With a little bit of work, we can get your Twitter feed back in order. As of June 11 of this year, Twitter has enforced authentication of all API endpoints using OAuth. How were we supposed to know this? It was actually announced back in September 2012, oops! But seriously, it’s not really that bad and this post will provide a custom PHP solution to get you up and running in no time.
If you would prefer, you can always use the new embedded timelines widget directly from Twitter or one of the many WordPress plugins for more options such as re-tweeting.
For this example, we’re going for a simple text feed with some basic links in the output. The source files are below.
We only have some basic steps to get your twitter feed up and running with the new API v1.1 authentication.
Step 1 – Set Up Your Twitter App
The first step is to create an app with Twitter. It’s pretty straightforward once you visit https://dev.twitter.com/apps where you will be provided with all the OAuth settings needed. Just enter the Name, Description, and Website of your new application details. After you accept the terms and create your application, you will see a button at the bottom of the app settings to create your access tokens.
Step 2 – Configure The PHP Twitter Feed Parser
The next step is to download the source files and upload the two files to your server. There are quite a few API’s out there, but we’re using twitter-api-php for its simplicity. Make sure to download this API wrapper and add to your working directory. When you open the twitter-feed-parser.php file, you will see some settings at the top:
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// Your Twitter App Settings $access_token = 'Add_Your_Access_Token'; $access_token_secret = 'Add_Your_Access_Token_Secret'; $consumer_key = 'Add_Your_Consumer_Key'; $consumer_secret = 'Add_Your_Consumer_Secret'; // Some variables $twitter_username = 'zadroweb'; $number_tweets = 5; // How many tweets to display? max 20 $ignore_replies = true; // Should we ignore replies? $twitter_caching = true; // You can change to false for some reason $twitter_cache_time = 60*60; // 1 Hour $twitter_cache_file = 'tweets.txt'; // Check your permissions $twitter_debug = false; // Set to "true" to see all returned values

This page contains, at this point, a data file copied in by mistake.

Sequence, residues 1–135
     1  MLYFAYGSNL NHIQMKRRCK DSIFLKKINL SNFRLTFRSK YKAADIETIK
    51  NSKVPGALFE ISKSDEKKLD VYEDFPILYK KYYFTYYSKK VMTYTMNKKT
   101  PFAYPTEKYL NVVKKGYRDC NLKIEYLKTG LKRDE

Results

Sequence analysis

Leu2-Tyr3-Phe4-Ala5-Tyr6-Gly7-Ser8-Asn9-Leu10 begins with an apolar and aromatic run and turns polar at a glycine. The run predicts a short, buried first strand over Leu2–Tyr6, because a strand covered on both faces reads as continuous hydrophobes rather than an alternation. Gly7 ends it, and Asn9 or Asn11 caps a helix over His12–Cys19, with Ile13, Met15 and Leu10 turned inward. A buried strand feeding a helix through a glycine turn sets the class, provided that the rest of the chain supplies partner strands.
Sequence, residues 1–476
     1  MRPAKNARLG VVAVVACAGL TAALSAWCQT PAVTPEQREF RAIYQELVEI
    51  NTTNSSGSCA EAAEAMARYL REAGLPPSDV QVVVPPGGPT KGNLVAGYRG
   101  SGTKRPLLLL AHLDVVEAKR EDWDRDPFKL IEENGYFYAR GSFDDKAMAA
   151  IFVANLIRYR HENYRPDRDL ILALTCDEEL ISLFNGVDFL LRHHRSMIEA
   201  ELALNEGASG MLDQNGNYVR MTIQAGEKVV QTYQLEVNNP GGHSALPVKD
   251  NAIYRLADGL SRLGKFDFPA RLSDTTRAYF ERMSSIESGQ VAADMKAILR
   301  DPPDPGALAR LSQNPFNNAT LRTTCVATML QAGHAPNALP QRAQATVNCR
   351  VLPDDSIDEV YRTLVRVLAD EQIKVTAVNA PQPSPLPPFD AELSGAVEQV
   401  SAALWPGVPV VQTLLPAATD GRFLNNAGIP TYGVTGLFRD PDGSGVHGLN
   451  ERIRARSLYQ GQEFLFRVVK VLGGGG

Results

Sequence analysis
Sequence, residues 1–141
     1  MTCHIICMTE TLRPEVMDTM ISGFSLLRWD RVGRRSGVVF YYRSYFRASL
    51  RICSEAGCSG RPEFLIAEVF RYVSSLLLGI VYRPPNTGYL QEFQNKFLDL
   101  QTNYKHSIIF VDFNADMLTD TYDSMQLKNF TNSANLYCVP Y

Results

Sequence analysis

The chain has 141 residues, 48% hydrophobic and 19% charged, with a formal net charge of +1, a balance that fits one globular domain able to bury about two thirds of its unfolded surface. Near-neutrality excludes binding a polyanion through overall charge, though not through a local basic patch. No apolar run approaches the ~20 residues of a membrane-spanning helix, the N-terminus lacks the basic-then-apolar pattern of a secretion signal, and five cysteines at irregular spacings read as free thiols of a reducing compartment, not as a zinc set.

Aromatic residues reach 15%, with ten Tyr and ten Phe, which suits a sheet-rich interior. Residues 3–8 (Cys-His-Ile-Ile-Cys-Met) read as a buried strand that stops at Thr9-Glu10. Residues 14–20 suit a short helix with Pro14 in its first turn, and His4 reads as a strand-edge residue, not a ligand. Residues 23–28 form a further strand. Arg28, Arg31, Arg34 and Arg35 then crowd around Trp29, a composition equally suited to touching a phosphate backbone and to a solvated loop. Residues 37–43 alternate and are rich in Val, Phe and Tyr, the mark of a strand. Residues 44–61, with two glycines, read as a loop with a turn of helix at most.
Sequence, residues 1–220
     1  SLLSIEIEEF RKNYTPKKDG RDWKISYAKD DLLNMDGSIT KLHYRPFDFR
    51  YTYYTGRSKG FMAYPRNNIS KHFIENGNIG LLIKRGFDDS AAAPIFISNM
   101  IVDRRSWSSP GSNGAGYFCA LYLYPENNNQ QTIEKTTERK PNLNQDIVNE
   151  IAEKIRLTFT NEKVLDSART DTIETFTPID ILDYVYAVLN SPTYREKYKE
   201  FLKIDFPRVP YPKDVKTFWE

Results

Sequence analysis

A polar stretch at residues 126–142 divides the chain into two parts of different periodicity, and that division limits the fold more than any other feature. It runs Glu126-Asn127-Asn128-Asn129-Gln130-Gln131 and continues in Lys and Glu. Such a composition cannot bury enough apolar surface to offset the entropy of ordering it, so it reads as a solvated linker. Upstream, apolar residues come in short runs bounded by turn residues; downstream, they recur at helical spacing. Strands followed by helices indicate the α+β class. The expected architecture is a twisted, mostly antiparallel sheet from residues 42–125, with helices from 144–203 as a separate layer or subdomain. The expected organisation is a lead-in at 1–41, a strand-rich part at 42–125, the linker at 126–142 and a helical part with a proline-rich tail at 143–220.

Go ahead and add your Twitter App settings in the downloaded twitter-feed-parser.php file. You have some very basic options (variables) that you can set. They are pretty self-explanatory. I’ve also included a caching option, that should get created automatically on your server. If not, add a “tweets.txt” file in the same directory and make sure to adjust the permissions accordingly for writing, typically using chmod 755.
Caching is just great practice, whether pulling from Twitter, Flickr, or really anything using a feed because of rate limiting, and more importantly, speed of your website. And finally, the output will have the familiar “about 1 day ago” Twitter style time stamp.
Step 3 – Add The Twitter Feed To Your Website
All that’s left to do is to include this file for use in your website or web page. I’m guessing you have a footer include file, or maybe a sidebar, that you use throughout your site. It’s best to add this to one of those files so that all your webpages can leverage this new twitter feed parser. Something as simple as the below should do the trick:
That’s it! Have fun with this simple script and feel free to use it under the MIT license, which means do whatever you want with it. Enjoy and feel free to add any suggestions or comments below. Oh, and please share. Thanks for reading.